I, personally, find New Year's resolutions more of a burden than anything else, something to beat myself up about in the dark, cold days of February but quickly forgotten when the spring flowers come of life and my garden is alive with proliferating flora and fauna. However, so many people make resolutions that I thought I would look up their ancestry.
New Year's resolutions seem to have begun with the ancient Babylonians who made promises to their gods at the start of each year that they would return borrowed objects and pay their debts. That tradition developed and evolved under the Romans into a series of promises to Janus, the god of beginnings after whom the month January is named. He is also the god of gates, transitions, time, doorways, passages and endings. Usually depicted with two faces, he also presided over the beginning and ending of conflict: the doors of his temple were open in time of war and closed to mark peace.
Over the next millenia various ages adopted variations on the theme of reaffirmation of promises, while the world religions used it to urge us to reflect upon our wrongdoings in order to seek and offer forgiveness. That seems to me to have moved on a little from the original simple message and introduced a level of guilt which, to me at least, seems unhelpful.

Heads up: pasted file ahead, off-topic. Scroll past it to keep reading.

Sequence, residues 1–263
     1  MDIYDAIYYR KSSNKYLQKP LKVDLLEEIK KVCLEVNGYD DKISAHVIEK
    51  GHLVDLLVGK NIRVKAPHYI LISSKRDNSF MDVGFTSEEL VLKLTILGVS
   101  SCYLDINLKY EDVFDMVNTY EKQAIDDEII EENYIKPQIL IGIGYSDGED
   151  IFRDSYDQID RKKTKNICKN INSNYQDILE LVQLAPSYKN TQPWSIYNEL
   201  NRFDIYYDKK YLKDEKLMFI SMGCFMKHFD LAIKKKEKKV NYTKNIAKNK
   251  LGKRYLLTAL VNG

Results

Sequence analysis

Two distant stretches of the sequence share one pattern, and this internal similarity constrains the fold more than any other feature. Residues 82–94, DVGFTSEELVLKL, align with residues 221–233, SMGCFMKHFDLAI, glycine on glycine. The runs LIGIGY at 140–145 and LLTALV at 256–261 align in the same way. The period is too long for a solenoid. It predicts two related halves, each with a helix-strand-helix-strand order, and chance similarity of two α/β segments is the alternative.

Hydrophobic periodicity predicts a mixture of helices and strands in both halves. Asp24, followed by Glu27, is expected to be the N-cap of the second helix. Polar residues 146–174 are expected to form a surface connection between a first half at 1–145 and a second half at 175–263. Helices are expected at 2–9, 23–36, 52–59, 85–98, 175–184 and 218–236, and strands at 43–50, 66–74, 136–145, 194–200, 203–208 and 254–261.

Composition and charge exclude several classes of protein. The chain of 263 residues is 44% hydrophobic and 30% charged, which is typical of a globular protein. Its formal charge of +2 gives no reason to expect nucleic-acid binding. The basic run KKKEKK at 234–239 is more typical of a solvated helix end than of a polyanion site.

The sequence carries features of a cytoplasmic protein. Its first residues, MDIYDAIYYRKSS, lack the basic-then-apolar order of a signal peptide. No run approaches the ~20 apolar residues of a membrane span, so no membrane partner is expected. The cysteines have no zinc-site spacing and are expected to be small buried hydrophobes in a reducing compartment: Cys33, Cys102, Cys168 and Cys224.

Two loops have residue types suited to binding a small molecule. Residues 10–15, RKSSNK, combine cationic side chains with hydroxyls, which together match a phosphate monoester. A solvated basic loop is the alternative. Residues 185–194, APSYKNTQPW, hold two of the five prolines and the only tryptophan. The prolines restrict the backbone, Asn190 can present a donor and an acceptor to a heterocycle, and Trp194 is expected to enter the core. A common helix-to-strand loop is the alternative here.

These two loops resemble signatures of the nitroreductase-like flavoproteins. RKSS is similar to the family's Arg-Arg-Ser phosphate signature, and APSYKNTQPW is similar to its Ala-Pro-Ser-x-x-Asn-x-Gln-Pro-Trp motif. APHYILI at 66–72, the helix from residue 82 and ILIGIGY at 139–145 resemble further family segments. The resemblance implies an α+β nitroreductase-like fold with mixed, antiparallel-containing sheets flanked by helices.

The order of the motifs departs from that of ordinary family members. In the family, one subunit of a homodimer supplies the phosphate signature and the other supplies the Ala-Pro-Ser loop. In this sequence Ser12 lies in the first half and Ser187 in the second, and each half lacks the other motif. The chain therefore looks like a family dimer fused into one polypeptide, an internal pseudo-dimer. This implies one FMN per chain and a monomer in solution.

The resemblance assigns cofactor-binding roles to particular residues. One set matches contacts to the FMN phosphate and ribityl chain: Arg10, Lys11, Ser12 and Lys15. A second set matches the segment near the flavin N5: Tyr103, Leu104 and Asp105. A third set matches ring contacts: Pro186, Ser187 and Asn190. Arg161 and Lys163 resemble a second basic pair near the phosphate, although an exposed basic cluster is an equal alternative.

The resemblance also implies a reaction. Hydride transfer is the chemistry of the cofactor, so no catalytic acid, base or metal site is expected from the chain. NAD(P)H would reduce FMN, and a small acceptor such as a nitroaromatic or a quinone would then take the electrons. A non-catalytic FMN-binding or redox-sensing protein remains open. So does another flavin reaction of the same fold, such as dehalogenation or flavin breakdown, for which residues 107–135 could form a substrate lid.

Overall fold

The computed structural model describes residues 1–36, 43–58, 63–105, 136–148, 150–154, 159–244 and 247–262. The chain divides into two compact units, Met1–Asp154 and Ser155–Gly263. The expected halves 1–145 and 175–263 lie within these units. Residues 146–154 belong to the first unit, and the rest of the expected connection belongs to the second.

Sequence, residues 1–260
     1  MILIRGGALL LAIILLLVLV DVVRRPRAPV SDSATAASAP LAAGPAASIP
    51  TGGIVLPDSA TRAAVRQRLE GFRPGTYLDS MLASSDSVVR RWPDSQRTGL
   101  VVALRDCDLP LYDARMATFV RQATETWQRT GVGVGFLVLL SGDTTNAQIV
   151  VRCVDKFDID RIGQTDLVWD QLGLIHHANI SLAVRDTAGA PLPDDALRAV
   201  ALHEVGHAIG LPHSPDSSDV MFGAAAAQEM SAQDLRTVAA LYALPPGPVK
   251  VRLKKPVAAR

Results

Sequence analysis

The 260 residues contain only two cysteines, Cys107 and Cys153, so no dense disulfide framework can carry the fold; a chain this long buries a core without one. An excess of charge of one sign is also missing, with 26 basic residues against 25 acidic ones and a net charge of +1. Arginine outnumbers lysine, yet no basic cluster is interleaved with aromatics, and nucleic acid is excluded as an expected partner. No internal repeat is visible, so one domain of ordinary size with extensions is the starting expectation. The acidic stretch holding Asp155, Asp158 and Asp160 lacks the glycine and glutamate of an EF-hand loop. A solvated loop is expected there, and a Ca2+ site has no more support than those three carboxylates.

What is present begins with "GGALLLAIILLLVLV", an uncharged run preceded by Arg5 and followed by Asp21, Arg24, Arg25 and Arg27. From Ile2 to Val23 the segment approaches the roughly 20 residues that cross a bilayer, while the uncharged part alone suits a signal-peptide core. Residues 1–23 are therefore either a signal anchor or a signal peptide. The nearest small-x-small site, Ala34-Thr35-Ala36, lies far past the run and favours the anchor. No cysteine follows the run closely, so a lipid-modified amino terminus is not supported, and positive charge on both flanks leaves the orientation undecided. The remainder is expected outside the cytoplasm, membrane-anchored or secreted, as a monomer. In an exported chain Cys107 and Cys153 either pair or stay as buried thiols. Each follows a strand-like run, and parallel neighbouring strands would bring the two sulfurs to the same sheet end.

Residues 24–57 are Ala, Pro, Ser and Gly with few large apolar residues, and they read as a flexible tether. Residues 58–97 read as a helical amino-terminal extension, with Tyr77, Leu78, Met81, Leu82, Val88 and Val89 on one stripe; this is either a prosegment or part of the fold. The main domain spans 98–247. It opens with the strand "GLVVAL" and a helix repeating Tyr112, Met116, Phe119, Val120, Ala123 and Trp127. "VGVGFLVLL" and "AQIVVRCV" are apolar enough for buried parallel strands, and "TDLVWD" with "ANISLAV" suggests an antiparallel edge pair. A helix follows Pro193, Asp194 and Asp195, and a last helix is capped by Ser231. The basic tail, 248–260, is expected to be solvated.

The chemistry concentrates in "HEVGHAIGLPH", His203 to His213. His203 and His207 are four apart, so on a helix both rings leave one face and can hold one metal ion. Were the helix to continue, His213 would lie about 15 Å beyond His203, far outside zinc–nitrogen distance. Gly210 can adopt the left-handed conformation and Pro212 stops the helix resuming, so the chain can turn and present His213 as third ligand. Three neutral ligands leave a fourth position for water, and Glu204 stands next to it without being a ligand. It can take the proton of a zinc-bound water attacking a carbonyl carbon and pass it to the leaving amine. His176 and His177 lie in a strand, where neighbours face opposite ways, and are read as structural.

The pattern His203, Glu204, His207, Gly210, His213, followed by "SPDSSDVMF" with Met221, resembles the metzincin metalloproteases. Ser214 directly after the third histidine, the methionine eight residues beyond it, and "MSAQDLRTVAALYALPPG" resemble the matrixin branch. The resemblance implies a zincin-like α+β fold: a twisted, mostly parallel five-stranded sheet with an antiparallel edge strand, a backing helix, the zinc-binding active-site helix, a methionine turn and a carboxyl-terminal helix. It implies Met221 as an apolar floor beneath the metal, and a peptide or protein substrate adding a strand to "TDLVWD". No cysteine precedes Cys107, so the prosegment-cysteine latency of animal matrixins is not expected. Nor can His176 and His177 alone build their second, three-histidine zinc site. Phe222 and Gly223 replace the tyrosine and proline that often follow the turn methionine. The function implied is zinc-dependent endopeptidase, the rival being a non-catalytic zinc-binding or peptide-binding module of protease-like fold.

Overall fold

|Liverpool Central Library - one of my favourite places to work|
Being a book person the message I take from the Babylonians is that I must check I have returned all the books I borrowed in 2016 whether from libraries or friends. But, flippancy aside, I'm beginning to like the idea of returning borrowed objects and paying debts. It seems to me so much more positive and interactive than promising myself I will go to the gym once a week or always wash socks in pairs or, heaven forbid, promise to make love to my husband three times a week. No, I think I shall take away the positive message and return affection that I have been given over the last year and pay my respect to friendships that have held me up in difficult times as well as celebrating good things. So my New Year's Resolution is made.
I wish you all a very happy 2017.